But some people in America obviously think otherwise.

As an American Muslim, I am, therefore, shamed by the language and attitudes I find some of my fellow Americans using about Islam.

In a few short days we have seen pigs' blood thrown at the door of a mosque in San Francisco, 300 marchers waving flags and shouting "USA" as they tried to descend on a mosque in Chicago, a disturbed individual wearing what looked like a bomb in the parking lot of a Muslim school in Silicon Valley, gunshots in Texas, and mosques vandalized in Washington D.C. Electronic hate mail has flooded the chat boards of ABC, NBC, CBS and CNN. (Example: "It's time to eradicate Islam.")

It is no surprise that huge misunderstandings persist in this country concerning Islam, but there is greater ignorance afoot. The ignorance of assigning guilt by association, for instance, as though a political murderer's claim to your religion must automatically tar you with his convictions.

We also hear people making a lot of noise about "Martyrdom" and Islam these days.

Concerning this confusion, try to remember that Christianity, America's mainstream religion, has in common with Islam a well developed conception of religious sacrifice, that people of both faiths hope to be rewarded after death for good actions, that they believe they may reach a better place by being better human beings. It is a belief that has sustained billions of people over the centuries, guided their actions and illuminated their lives. It is also, as we know to our cost, a belief that is easily twisted: by rulers (beginning with the medieval Crusader kings), by millenarian, self-serving, misguided 'leaders' (think of Jim Jones) and desperate social revolutionaries (Nat Turner, John Brown). In terrible times, religion has been invoked for the greatest crimes, genocide (Nazism, the destruction of Bosnia) and organized racism (the Ku Klux Klan). Yet Christians do not consider their religion tainted. And they are right.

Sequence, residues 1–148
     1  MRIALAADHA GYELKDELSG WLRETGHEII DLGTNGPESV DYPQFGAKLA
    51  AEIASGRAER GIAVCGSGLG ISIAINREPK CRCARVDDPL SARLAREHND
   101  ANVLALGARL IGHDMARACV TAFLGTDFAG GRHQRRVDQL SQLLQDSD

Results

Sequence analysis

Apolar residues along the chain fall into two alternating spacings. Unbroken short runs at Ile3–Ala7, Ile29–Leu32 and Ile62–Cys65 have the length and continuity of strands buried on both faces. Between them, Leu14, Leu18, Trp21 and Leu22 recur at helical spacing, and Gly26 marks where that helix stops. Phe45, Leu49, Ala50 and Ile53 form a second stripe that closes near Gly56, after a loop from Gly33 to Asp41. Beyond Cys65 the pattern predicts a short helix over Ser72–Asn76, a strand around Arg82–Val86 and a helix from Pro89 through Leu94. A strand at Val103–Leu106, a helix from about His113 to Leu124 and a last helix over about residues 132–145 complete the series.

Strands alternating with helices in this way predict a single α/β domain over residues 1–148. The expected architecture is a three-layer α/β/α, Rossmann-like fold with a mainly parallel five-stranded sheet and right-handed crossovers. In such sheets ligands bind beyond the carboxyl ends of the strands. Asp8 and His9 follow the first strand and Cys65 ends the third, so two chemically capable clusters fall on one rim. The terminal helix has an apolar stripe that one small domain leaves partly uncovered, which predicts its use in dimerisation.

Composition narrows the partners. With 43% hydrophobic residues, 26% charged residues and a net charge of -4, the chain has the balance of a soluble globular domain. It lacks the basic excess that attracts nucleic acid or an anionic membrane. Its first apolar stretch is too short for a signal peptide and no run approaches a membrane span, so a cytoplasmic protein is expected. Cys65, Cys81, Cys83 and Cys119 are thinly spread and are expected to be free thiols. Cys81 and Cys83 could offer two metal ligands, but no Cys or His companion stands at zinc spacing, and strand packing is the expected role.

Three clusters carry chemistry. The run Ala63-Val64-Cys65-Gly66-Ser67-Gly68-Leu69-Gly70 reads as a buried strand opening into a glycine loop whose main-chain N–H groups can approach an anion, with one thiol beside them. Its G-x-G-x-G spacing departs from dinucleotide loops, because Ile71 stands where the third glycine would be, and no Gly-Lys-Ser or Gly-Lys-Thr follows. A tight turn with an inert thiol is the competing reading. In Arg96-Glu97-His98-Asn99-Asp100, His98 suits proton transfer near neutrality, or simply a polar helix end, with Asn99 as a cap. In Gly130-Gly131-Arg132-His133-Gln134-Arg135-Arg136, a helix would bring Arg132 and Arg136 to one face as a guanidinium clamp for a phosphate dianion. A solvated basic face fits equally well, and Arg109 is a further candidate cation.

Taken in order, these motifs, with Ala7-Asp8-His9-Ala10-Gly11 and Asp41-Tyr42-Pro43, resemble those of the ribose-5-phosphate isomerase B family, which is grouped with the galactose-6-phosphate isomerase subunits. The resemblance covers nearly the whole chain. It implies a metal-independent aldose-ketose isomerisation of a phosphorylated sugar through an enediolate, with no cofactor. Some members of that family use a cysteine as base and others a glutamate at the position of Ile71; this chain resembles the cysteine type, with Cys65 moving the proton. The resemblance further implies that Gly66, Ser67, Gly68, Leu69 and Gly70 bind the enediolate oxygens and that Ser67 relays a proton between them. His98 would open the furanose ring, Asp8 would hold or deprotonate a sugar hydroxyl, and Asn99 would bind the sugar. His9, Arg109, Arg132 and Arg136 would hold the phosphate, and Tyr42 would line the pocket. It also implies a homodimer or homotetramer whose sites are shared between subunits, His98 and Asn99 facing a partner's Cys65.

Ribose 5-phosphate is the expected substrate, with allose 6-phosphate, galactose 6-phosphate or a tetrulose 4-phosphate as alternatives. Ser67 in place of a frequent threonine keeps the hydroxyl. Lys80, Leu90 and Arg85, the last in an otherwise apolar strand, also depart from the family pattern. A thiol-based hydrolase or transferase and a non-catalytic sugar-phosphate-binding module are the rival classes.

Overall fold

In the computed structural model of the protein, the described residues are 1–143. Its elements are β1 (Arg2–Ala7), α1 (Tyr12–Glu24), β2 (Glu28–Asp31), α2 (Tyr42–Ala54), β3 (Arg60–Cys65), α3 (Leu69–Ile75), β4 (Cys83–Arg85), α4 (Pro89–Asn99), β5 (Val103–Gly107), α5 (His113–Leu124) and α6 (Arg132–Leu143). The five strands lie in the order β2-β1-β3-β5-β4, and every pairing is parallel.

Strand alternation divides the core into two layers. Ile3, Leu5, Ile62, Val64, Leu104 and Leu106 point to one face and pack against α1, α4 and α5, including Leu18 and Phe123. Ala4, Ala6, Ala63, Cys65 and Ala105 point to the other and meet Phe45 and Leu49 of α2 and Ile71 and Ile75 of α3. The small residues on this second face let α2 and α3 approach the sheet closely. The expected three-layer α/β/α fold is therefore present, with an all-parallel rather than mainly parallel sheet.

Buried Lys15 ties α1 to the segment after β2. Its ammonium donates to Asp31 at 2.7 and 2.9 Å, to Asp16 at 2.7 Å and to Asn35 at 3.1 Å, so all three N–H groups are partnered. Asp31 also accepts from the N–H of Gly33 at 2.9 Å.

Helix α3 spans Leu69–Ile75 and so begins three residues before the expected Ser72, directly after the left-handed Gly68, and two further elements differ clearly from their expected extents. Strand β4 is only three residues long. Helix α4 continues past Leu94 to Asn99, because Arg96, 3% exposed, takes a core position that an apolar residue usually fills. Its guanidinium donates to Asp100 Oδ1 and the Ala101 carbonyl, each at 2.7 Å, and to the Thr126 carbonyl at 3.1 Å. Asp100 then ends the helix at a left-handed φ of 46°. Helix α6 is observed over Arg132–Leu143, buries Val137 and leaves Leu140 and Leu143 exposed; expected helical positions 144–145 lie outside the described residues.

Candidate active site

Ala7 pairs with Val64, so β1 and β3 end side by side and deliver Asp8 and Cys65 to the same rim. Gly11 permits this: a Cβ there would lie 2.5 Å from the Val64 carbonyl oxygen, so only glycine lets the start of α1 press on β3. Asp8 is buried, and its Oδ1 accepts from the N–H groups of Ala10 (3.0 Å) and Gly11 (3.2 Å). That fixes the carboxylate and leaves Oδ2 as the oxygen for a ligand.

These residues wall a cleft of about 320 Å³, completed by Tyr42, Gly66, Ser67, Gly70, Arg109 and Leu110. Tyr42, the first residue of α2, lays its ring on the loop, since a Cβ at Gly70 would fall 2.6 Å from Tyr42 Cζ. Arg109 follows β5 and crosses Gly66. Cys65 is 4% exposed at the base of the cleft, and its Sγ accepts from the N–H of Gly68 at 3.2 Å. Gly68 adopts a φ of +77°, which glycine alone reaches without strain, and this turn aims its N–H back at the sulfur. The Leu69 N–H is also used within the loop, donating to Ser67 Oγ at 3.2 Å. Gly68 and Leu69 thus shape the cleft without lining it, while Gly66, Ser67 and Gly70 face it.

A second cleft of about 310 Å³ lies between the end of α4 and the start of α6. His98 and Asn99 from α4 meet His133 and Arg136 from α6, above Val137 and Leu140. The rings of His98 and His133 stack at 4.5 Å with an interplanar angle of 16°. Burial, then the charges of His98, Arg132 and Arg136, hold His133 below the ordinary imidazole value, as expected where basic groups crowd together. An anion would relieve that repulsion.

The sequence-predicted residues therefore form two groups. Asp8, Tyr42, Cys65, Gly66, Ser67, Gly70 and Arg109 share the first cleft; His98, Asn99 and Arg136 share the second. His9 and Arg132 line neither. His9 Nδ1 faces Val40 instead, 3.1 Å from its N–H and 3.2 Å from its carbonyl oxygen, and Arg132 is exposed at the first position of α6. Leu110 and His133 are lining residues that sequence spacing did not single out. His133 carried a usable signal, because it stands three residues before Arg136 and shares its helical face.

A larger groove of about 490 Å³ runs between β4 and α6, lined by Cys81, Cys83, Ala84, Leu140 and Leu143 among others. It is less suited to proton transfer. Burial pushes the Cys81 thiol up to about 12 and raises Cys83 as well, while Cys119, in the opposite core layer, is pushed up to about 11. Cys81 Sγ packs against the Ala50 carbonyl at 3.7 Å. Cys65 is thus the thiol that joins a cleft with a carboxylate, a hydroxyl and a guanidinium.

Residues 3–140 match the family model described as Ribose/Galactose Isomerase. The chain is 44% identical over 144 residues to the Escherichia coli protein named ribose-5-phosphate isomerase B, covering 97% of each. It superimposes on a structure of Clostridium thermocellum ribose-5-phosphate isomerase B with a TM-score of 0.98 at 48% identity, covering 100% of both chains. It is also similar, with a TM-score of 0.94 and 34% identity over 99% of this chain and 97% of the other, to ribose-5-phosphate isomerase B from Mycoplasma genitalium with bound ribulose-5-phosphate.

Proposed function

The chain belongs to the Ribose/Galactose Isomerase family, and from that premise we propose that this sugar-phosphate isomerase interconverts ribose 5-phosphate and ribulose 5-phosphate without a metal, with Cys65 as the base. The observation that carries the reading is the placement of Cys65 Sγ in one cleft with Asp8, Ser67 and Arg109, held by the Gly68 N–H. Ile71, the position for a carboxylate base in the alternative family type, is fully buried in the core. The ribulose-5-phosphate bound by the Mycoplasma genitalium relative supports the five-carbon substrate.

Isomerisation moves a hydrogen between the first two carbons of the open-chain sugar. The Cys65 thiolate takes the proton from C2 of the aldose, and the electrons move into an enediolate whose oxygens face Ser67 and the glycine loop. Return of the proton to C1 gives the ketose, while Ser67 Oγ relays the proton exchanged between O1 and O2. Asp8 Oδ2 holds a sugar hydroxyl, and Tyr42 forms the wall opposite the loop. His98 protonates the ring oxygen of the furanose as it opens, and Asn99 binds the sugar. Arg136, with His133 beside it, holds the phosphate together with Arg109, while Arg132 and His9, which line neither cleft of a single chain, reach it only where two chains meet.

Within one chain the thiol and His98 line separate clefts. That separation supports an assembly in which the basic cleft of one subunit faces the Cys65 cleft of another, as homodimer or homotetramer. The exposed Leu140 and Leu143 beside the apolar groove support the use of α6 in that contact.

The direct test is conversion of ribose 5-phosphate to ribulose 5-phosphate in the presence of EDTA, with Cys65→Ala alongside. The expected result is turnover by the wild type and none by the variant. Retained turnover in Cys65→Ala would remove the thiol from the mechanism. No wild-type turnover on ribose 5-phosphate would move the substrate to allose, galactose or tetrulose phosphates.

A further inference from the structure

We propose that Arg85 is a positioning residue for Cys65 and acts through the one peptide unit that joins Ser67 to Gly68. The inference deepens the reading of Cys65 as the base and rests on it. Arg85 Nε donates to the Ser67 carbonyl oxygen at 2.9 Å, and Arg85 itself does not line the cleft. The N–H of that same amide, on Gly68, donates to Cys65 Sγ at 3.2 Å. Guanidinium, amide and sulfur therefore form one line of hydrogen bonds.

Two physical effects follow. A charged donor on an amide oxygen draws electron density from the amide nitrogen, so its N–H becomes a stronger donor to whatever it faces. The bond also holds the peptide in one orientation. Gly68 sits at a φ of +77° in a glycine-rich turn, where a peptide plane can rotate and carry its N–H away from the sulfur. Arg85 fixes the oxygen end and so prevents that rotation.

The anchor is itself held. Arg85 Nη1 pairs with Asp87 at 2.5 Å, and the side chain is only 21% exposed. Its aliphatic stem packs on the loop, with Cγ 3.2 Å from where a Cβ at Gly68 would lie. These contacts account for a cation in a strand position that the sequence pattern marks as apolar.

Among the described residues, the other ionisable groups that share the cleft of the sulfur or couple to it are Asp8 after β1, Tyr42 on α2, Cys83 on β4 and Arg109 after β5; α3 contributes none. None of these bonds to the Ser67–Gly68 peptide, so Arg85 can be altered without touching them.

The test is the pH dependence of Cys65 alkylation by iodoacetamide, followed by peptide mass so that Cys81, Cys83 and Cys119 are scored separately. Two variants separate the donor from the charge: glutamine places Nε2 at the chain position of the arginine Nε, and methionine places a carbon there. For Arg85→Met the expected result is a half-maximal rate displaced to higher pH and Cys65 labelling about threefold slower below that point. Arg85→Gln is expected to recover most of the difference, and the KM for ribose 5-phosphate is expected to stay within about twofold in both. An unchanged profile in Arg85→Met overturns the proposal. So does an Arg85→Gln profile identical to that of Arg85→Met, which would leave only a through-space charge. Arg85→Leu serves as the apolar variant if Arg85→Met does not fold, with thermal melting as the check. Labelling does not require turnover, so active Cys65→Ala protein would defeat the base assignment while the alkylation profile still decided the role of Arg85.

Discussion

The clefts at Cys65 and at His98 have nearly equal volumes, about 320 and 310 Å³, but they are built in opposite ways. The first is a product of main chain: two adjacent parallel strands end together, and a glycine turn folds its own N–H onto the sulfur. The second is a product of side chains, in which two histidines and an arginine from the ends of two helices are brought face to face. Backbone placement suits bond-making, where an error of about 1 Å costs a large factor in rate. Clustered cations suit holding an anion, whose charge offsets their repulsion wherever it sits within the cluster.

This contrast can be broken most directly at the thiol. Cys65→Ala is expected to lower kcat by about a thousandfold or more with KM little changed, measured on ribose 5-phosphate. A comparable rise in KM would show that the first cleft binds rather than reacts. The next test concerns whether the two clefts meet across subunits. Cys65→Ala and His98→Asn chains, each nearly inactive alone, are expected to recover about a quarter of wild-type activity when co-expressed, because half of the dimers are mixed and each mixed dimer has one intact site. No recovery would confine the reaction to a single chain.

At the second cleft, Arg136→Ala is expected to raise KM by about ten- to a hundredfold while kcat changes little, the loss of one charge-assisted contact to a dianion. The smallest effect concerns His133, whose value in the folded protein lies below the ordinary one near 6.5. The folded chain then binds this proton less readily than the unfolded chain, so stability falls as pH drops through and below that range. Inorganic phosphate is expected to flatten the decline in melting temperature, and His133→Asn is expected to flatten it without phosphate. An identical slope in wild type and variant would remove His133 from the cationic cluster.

If this is a time of mourning, it is also a time for acts of imagination.

If, for example, you are an 'ordinary' American, try to imagine how it must feel right now for any of the 3.5 million Arab Americans or the 6 million American Muslims, citizens all, simply to stroll down a crowded city street on the way to school or a bakery or a hospital. We have all just been reminded how fragile human life can be. Perhaps we can draw on that knowledge to bring some comfort to people who, in addition to their grief over what has occurred, must also walk in the shadow of guilt by association. Try to remember that there are Arab Americans serving in the White House, six Arab Americans in Congress and that, side by side with all the others, approximately two hundred Muslims were in the World Trade Center and the Pentagon when the airplanes struck on September 11.

Muslim Americans have the same job before them. If you're a Muslim, try to imagine how frightened a blonde, blue eyed woman might be, this morning, as she stands in line at the airport about to board an airplane while a perfectly innocent Arab or Muslim couple stand in line in front of her? What can you do for her? Can you think of some way to erase the line that separates you and offer some human gesture that she may recognize?

A friend of mine writes: "Brutality (the use of power to degrade and to wound) is the essence of social misery. And increasing the acceptability of brutality, whether through self-indulgence, evasion, or outright lie, is criminal. I can think of no human reality which it is necessary to rise above other than brutality. I can think of no human misery--personal, political, economic--to which it is not central."

Let good sense prevail. Let Americans see this terrible action for what it was-criminal terrorism perpetrated by extremists. The plotters and actors may call themselves Muslims, but they are religious failures. They have smeared the good name of a peaceful faith.

We should pray for protection when emotions run high. May God bring us sudden good and protect us from sudden evil.

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